2. I really don’t want to go into the discussion about the causation between capitalism, democracy, individualism and prosperity. I think it’s sufficient to say that regardless of which causes which, history clearly shows that emerging countries start out as copycats and move on to become leaders in quality and innovation. Even 19th century USA followed this route.

        So yes, barring some huge calamity (and an economic slowdown alone is not large enough), I expect China will follow the same path.

        1. Let’ s ^^

          I remember reading decades ago in The Economist about the rule of law being the most important ingredient to economic success, presumably because it gives entreprise a reliable environment to operate in, and individuals expectations of being rewarded for economic contribution instead of nepotism, political/religious correctness…
          Now, as to whether the rule of law can be achieved in anything but a democracy… and even then, the US version of rule of law for example seems very flaky, the law being different for those who can pay and those who can’t.

          One of my resolutions for 2016 is to use fewer parentheses. Hello, comma ^^

          1. All good arguments in theory, but one has to check what’s happening in reality. And in reality, China seems to be enjoying quite good economic success.

            Hence either the theory is false or China is sufficiently governed by law. One could also possibly make the argument that China would be succeeding even more if it had a better political system, but it’s harder to imagine growing faster than they already did.

          2. I haven’t read the Economist article, but by saying that the rule of law is the most important ingredient of economic success, it is likely implying also that countries that do not rule by law will not succeed (I could be wrong here).

            If this theory applies to China, since that county has clearly seen economic success, then the theory would suggest that China has been ruling by law. Whether that is or is not the case is a totally different argument, but there are at least legitimate concerns over that.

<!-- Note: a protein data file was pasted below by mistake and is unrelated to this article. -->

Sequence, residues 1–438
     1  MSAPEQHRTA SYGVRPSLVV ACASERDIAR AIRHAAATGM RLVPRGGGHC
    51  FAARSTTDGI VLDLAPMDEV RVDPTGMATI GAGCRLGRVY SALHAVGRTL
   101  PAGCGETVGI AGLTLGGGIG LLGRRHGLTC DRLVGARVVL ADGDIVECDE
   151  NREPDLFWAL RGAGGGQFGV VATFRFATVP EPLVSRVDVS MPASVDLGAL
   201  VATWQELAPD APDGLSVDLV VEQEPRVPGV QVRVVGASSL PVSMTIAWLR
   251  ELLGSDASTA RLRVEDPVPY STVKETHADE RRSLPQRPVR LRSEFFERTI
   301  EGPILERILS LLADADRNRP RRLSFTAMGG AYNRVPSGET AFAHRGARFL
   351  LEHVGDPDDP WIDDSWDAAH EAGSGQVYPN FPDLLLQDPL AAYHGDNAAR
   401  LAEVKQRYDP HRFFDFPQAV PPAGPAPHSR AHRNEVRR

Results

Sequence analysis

Assuming that one takes the position that China is not ruled by law, then the theory would suggest that China cannot be economically successful, which is clearly false. Therefore, the assertion that China is not ruled by law and the assertion that the theory is correct cannot coexist.

          3. I guess there is a certain kind of law and government (as in who makes the laws?) implicit to the theory that I’m not getting.


          4. The government certainly sets the parameters, not just of what it rewards, but the consequences of pursuits not within government policies. It could be argued (and has been) that because the US government largely stayed out of the computer industry, neither punishing nor rewarding directly, it has enjoyed the success that it has. Even today, and even in the face of efforts otherwise, there is no government licensing required to make hardware or write software. You don’t get an industry more built on the individual than this. But the government did not impede or punish the industry simply because it did not exist within specific policy goals.

            It is harder to argue, I think, that individualism as expressed by democracy (vs the US republic with certain democratic processes) has economic success built in. This is where I think culture, even as it is a partner to local politics, can deviate from political structure. Individualism is dependent on the will of the individuals.

            I think individual creativity is built into the Chinese people and culture and predates Communist China. Ancient China, with the innovations they are historically known for, was quite individualistic. Communist China has long been in conflict with the individualism of China. As the modified Communism allows the cultural individualism of China to peek through, I have no doubt they will continue to prosper. Arguments that China’s prosperity is a paper dragon (can you say “ghost cities”?), not withstanding.

            Not all cultures transitioning to democracy today have a history of individualism and rewarding individuals. They are just learning what it means to be an individual.

            At the same time as I, post-modern wannabe that I am, have been opposed to much of the excesses of Modernity, I am becoming a bit of a structuralist. What I hate about structuralism is how manipulative it becomes. But that’s a discussion for another time, and probably another forum.


      3. I just read the HBR article and it was interesting to a certain extent. However on the the final topic, “whether China has a good institutional framework for innovation”, I found their argument rather unconvincing. The authors make the assertion that “the freedom to pursue ideas wherever they may lead is a precondition for innovation in universities”. While this might have an element of truth, I think it is telling that even in the US, innovations tend to come out of the universities with strong connections to industry, like Stanford, and not the ones that are left to do whatever they please. “Necessity is the mother of invention”.

        In Japan, our government is trying harder to guide university research away from “universities can do whatever they want” to “universities should collaborate more with the industry”. That is the lesson that our government has learnt by looking at the US system. Although this does not mean that our universities should be run by bureaucrats, it does conflict with the idea that freedom is the secret sauce for innovation. There has to be some kind of guidance, either planned or coming from the free market.